With the first buds breaking back in February, it seemed bud-break would be early. Indeed, overall bud break seems to be about "normal" for this time of year, which is why I wanted to document the status of everything with photos.
What's different this year is the Duriff / Petite Sirah vines at the bottom of the hill are behind the others, when usually they are the first to breakbud, bloom and ripen. This could be a good thing, and add more balance and a more even ripening this year. Also, the Tempranillo at the bottom of the hill have started earlier this year than at the top. As the top tends to ripen faster - again, this could result in more even ripening this year. We shall see. We shall see. I'm not counting any grapes until they're picked.
In summary, the Tempranillo and larger Petite Sirah are in full bud-break with some shoots above the first wire, with the Tempranillo at the top of the hill lagging. The Grenache are in full bud-break and throwing out shoots and grape clusters - last year they were the last to bud-break and this year they are also among the first. The Zinfandel and the Aglianico are showing the first signs of budbreak, with baby shoots emerging from their woolen cocoons. Their coming out a bit later is "normal" for our vineyard.
Despite the warm weather, there seem to be only two active gophers at the moment. I saw Owl Gore flying overhead the other night. There have been some crickets but no serious damage - we laid some cricket bait for them just in case. The leak specialist swears there's no major leak in the piping. We started pruning in early February and finished three weeks later. Bluey oversaw the pruning and the last blending of the 2011 and 2012 wines. We did a dormant spray February 22 of 2% organic stylet oil. No lime sulphur was used this year - so we'll see how mildew attacks later this Spring. The new spraying manager swears there will be no mildew on his watch. We shall see. We shall see. This is also the man who said he could drive his ATV all over a vineyard. Lots of Luck. Thank goodness he didn't roll over and die before giving up. We managed the vineyard properly by irrigating heavily after last year's harvest, twice. In addition to the irrigation, there was also a good rain back in November, the last one until the big rains of February 27th, which dropped 4". On the to do list: purchase organic compost; finish tightening wires. All photos taken March 16th, 2014.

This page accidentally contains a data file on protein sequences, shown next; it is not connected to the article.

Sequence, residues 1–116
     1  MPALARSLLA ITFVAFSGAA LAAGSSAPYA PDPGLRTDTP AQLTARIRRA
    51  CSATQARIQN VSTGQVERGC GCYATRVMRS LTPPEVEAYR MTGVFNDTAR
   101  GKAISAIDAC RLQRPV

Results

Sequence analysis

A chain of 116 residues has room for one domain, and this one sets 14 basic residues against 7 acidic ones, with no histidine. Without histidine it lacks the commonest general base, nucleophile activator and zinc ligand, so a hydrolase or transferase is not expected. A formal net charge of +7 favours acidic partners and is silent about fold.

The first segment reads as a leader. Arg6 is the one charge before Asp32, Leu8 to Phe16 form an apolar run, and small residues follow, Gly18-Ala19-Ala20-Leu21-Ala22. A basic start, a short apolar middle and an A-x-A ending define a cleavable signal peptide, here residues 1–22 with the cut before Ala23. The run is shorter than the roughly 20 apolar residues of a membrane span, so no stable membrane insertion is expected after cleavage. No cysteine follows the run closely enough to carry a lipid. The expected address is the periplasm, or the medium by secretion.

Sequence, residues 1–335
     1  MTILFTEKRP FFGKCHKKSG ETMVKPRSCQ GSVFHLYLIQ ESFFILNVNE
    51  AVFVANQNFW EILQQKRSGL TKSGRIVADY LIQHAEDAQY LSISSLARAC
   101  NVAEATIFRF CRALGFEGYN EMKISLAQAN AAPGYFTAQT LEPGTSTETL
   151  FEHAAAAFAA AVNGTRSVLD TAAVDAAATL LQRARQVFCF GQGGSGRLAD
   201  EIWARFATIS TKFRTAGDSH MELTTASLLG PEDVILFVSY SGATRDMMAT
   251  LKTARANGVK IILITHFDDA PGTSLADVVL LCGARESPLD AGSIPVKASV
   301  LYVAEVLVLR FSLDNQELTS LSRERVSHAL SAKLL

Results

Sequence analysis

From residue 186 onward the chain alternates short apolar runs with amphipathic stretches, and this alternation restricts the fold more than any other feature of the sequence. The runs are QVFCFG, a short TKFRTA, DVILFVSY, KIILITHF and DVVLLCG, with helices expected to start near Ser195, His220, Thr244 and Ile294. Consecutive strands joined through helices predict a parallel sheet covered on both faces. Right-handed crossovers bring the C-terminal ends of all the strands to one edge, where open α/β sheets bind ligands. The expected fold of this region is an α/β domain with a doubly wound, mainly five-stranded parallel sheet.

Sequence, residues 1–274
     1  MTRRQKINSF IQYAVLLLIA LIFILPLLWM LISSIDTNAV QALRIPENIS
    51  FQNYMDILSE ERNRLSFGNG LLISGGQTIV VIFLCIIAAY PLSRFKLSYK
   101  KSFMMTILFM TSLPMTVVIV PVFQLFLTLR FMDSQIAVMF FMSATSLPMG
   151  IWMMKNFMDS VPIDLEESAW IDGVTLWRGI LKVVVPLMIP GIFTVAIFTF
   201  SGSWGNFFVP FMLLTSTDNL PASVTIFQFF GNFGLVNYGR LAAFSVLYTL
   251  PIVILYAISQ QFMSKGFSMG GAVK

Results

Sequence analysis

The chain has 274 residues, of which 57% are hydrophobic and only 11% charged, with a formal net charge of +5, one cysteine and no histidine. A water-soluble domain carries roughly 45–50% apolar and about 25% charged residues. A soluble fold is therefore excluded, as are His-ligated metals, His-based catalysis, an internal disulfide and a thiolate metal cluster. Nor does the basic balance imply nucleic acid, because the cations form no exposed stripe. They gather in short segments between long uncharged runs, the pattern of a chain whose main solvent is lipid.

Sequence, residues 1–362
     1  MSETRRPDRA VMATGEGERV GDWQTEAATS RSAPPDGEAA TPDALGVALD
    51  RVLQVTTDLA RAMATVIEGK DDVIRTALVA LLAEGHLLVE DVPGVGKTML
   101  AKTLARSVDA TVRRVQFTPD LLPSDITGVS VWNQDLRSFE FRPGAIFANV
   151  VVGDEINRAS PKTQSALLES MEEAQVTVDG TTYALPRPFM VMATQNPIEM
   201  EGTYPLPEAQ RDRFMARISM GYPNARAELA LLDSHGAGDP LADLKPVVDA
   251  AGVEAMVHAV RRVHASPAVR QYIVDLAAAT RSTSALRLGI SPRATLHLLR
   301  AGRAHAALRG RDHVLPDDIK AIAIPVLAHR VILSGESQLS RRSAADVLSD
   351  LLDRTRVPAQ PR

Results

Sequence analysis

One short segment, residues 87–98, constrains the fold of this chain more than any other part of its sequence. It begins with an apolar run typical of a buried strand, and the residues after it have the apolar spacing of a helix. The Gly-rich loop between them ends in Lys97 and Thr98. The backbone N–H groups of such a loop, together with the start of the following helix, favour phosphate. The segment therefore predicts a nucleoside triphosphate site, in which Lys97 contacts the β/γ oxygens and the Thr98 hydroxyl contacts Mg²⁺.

April 27th update - The Tempranillo vines are well above the second wire. Most of the Tempranillo, Petite-Sirah and Grenache are flowering - with flowering finished on some of the clusters and baby grapes beginning to appear. No irrigation yet of the Tempranillo and Petite Sirah. They are a "jungle" already - and much "thinning" is required to remove extra shoots and to remove even shoots with grapes as the foliage is just too thick. The Aglianico and Zinfandel are more under control. The four inches of rain made a big difference.
|Grenache in full-bud break. They seem to be ahead of|
|The Tempranillo at the top of the hill are lagging the Tempranillo|
|Tempranillo at the bottom of the hill and throughout are in full|
bud-break. Some shoots reaching the first wire.
|Agianico - Uglihanako are just beginning to break-bud.|
|Aglianico - close up.|
|Grenache facing towards the ocean, bud break well under way.|
That bottom row is probably one of the warmest areas of
the vineyard. We will need to be sure to net here early
this year, as this is an easy target for the birds.
|Zinfandel just starting to bud-break.|